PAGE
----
Tyson Chandler sat in the visitor's locker room recapping his team's shootout victory over the Thunder with slurred speech and a mandatory safety net.
The New York Knicks center had a chipped tooth, and the mouthpiece he wore while conducting his postgame interview helped keep it from falling out yet resulted in a lisp.
“Good old Melo,” Chandler said, identifying teammate Carmelo Anthony as the culprit.
In between squeezing off a game-high 29 shots, seemingly gunning for (and getting) the lead in the scoring race in his only head-to-head battle this season with Kevin Durant, Anthony actually did some dirty work.
He busted up Chandler's mouth while grabbing one of his nine offensive rebounds and going back up for a putback.
That's how bad Anthony and the Knicks wanted Sunday afternoon's 125-120 win.
Meanwhile, down the hall in the home locker room, the Thunder again downplayed its biggest defensive deficiency and expressed little concern despite how things appear to be getting worse rather than better as the playoffs approach.
“I'm not concerned,” Durant said when asked directly about the team's rebounding woes.
Yet the only consistent thing about the Thunder's defense seems to be inconsistency.
Oklahoma City followed up its best defensive performance of the season with one of its worst. After holding Indiana to eight points on 2-for-18 shooting in the fourth quarter Friday, the Thunder allowed a season high for points, yielded at least 30 points in three quarters (and 29 in the fourth) and allowed 19 offensive rebounds.
The rebounding was the worst of all evils.
That's because Sunday marked the fifth time in the past 10 games that the Thunder has allowed at least 16 offensive rebounds. The Knicks converted their 19 offensive boards into 23 second-chance points.
“We just gave up too many offensive rebounds,” said Thunder coach Scott Brooks. “When we did make them miss they got 19 offensive rebounds and 23 putback points. That's not good. We should not be able to give up both of them.”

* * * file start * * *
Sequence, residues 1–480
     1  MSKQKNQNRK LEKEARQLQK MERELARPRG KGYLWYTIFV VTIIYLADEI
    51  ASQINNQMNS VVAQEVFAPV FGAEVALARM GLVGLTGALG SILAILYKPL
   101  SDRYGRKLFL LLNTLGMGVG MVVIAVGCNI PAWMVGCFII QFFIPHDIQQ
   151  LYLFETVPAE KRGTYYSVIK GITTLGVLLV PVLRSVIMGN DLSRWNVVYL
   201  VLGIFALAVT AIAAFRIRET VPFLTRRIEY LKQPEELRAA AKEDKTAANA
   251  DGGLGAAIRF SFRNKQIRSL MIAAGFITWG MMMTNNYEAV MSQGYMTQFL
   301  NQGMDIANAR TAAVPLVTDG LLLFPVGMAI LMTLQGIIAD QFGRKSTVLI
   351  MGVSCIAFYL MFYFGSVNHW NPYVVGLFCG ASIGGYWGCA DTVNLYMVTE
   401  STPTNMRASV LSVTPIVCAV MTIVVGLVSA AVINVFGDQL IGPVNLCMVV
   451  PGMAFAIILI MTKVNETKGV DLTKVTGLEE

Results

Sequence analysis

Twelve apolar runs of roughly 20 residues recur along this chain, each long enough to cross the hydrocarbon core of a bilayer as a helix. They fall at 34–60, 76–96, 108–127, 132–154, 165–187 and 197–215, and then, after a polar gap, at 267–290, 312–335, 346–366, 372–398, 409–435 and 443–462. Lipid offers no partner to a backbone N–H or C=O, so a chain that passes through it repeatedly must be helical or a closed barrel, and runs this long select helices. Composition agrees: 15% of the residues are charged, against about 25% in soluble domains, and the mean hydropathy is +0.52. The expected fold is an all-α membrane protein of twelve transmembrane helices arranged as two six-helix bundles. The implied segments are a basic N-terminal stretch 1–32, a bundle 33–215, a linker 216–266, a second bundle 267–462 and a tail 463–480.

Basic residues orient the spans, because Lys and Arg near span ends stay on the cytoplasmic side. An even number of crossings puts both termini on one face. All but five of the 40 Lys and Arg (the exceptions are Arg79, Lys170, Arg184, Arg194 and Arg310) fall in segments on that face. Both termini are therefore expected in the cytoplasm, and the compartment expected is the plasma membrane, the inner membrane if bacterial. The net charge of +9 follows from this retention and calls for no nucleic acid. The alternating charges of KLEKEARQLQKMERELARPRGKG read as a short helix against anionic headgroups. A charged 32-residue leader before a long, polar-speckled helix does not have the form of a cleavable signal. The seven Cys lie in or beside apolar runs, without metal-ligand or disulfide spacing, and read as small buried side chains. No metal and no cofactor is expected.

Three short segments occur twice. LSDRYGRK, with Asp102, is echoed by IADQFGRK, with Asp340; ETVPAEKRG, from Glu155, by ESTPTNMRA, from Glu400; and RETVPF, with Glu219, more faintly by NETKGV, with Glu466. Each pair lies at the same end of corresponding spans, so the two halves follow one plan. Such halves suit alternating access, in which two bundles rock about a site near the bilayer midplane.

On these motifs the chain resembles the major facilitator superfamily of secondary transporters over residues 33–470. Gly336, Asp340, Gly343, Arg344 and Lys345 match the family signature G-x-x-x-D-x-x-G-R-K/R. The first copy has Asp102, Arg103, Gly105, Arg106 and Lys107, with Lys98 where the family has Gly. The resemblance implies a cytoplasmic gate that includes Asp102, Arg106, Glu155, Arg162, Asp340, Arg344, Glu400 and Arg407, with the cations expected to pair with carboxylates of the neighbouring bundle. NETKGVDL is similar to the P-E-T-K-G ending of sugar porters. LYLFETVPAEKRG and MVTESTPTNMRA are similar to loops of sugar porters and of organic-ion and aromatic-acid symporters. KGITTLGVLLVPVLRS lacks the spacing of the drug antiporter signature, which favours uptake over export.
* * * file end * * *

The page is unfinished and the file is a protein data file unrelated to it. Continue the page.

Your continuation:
After out-rebounding the Pacers, the league's best rebounding team, by 22, Sunday's showing was the equivalent of five steps back after one step forward.
In its past 10 games, the Thunder has allowed 14 offensive rebounds. By comparison, the league's high mark is Milwaukee's 12.3.
“We just have to go back to the basics,” Brooks said. “We're going to talk about it and we have been talking about it. The basics of rebounding is blocking out. It's not rebounding. The rebound comes after a block out. If you focus on rebounding there's too many athletes in this league that it's a 50-50 ball. You block out first and then you go get the rebound.”
So are the players not blocking out enough?
“It's a combination,” Brooks said. “Everybody has to think rebound. We're such a high, explosive offensive transition team that we can't think about that until we secure the ball. That's just something that we will brush up on and try to get better at that the last five games.”
New York committed an opponent season-low six turnovers Sunday and also made 15 of 34 3-pointers, completing a comprehensive day of defensive frustration, one that continued the troubling trend of the Thunder struggling against the league's best.
Now, only five games are left to figure it out, to find that defensive toughness, tenacity and consistency which has eluded the Thunder for much of the year.
Today, it was just a disappointing regular season loss.
Soon, the same issues could be much more costly.
“We just have to learn from this and move on as quickly as we can,” Brooks said.